Map of life expectancy at birth from Global Education Project.

Thursday, May 20, 2010

Biological oceanography

I generally try to stay within my expertise here, but believe it or not I'm not going to far out of bounds by talking a bit about the ocean and the effects of the oil volcano at the bottom of the Gulf of Mexico. I have a master's degree in environmental policy, and I actually took some marine biology on the way to getting it.

It may surprise most people to learn that most of the ocean is what is called a biological desert -- it has very little biological productivity, and little life. The reason is that unless it is very close to freezing, warm water is less dense than cold water, which means that warmer surface water sits on top of colder water and the layers don't mix. Any possible nutrients that might support photosynthetic organisms and create a base for a food chain therefore sink below the depth where sunlight can reach. In the ocean depths, there are organisms that subsist on stuff that rains down, or on reactive chemicals that spew from hot vents along the mid-Atlantic ridge; but none of these are any fun to eat.

The only productive regions of the ocean, therefore, are cold arctic and antarctic waters -- yep, the cold parts of the ocean are more biologically productive than most of the warm parts, while more temperate waters can have seasonal productivity before the thermocline appears in late spring; upwelling zones, where deep currents hit a rise in the sea floor and shoot water upward (e.g. the Peruvian anchovy fishery); shallow coastal waters; and river estuaries and salt marshes. The latter are particularly important because they are highly productive, relatively sheltered places. Many species spawn there, and their larvae spend some time getting started before heading out to the open ocean.

That is why, bad as the effects of the disaster have already been, this is indeed worse news. Oil washing ashore from Port Fourchon to Grand Isle. "Councilman Tom Capella said this morning that oil from the BP rig explosion has washed up on Elmer's Island just west of Grand Isle. And Councilman Chris Roberts said oil was hitting the beaches in a wide area from Port Fourchon in Lafourche Parish to Grand Isle, which is the southern tip of Jefferson Parish. Even heavier oil can be seen just offshore, Roberts said."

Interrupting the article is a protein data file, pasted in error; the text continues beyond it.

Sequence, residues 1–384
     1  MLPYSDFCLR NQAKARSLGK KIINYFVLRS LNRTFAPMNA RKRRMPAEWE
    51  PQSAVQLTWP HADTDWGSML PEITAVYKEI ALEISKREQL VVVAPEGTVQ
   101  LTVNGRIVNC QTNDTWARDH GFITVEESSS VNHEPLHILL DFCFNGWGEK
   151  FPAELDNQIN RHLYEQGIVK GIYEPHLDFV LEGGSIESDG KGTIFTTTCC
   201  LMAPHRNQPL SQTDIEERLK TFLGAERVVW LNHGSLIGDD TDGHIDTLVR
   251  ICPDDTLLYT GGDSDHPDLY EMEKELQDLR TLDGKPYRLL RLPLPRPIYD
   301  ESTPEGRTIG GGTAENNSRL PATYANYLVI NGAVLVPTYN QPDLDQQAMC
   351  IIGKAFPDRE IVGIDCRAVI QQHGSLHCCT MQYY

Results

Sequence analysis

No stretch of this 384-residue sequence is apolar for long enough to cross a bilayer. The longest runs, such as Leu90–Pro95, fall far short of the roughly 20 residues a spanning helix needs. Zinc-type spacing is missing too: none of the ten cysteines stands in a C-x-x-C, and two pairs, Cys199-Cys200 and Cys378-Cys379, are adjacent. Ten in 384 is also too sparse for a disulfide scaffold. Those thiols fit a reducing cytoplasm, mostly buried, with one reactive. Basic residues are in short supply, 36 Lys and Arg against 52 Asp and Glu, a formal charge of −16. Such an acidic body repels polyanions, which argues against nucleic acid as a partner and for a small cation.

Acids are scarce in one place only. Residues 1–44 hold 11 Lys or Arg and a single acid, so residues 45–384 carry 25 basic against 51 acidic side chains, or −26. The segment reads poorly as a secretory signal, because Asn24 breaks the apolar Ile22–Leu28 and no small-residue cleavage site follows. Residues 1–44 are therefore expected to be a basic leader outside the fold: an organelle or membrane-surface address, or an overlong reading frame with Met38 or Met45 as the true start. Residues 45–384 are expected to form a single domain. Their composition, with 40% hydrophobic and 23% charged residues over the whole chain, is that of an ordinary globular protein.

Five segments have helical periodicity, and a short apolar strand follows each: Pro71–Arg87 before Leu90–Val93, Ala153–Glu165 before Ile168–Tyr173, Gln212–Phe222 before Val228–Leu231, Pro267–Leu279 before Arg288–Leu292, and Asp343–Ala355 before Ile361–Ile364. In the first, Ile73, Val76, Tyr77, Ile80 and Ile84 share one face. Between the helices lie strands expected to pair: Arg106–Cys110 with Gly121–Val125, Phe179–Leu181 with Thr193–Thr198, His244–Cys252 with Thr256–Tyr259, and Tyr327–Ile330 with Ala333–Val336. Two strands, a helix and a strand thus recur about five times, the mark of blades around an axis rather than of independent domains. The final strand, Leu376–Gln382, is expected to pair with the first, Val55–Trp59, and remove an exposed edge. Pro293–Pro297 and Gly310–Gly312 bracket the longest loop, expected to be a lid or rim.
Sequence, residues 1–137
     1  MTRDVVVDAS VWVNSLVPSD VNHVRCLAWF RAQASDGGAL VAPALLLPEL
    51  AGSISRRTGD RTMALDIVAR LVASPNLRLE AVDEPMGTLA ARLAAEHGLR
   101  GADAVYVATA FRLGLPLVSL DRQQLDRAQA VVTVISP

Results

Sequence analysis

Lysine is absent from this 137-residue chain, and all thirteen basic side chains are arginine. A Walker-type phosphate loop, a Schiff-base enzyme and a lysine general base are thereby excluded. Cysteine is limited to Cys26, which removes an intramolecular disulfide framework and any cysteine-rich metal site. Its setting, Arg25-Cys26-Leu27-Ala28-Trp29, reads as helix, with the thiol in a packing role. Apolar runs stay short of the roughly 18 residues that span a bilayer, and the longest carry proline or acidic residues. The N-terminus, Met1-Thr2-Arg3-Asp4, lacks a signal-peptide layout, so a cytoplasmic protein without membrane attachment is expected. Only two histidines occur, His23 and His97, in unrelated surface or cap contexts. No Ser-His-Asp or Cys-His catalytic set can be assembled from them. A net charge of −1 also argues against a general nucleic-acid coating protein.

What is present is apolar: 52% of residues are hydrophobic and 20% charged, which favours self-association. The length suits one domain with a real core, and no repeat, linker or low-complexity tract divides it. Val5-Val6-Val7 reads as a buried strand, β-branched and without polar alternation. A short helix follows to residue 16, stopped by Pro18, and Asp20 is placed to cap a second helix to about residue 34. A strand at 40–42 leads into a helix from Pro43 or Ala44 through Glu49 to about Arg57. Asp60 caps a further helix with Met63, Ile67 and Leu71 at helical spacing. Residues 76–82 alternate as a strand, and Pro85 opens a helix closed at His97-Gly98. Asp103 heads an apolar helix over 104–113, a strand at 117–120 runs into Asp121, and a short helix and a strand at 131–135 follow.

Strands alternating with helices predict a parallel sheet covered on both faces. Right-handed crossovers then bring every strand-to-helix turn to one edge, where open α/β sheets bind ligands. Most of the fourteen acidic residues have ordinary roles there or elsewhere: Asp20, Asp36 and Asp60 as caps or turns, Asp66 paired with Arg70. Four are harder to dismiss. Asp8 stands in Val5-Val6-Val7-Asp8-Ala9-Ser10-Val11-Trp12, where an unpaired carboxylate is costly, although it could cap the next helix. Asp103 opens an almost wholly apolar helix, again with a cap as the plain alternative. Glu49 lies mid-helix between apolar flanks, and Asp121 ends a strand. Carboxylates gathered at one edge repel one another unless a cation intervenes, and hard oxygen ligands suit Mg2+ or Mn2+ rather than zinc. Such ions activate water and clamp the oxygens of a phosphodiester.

Once those marshes and salt ponds are oiled, they will not come back to life for who knows how long. And the primary productivity they represent is irreplaceable.

1 comment:

Anonymous said...

Some readers may not be aware of the amount of offshore rigs in the GoM.

BP may now be shown up as the ‘worst’ Co, with reason for sure.

But the ‘bad apples’ argument obscures the complexity, technological iffiness, of offshore drilling; the tremendous financial stakes, the temptation, or even the ‘need’ to ‘cut’ corners in a highly competitive milieu, the ultimate difficulty for groups of humans to eliminate all ‘mistakes’, negligence, either by controlling themselves, their underlings or working partners, or machines.

TransOcean (owners of the rig) had a fantastic safety record. They were celebrating it on that day, I read (no idea if true) and there has been some speculation that the very presence of BP dignitaries contributed to the blow out.

Schlumberger helicoptered all its personnel out some hours before the blow-out after a quarrel - they were responsible for testing the efficacy of the cement plugs (though that is a low level formulation.)

The desperate hunt for black gold and the incredible rewards it can bring are obscured by ‘bad apple’, ‘more regulation’ arguments.

Companies like BP do, I am sure, calculate the potential costs of ‘failure’ or ‘blow-outs, spills’ (not to mention human lives, these are replaceable) against work-flow, timing, and the profits they make each day from their many enterprises.

This disaster if of course a worst-case. They don’t take out insurance because they are confident that their product and their expertise is so valuable that they will be, as the expression, goes, bailed out. (Maybe broken up for the public eye but then it is still BAU.)

The other lesson is that specialization combined with competition can be seen as having reached a kind of limit. BP, Halliburton, TransOcean, SLB, and others, compete amongst themselves and with others. And yet, they have to coordinate their efforts when they drill baby drill in the GoM. And they do. All of them fighting for a best slice of the pie, while tempered by the knowledge they can't 'go it alone.'

I realize I am veering away from public health, sorry, but energy is the life-blood of modern medecine, and the different actors in the ‘health’ sector are in much of the same pickle.

The oil cos. have the excuse that they provide a product that everyone needs and wants - Big Pharma is not quite yet in that position.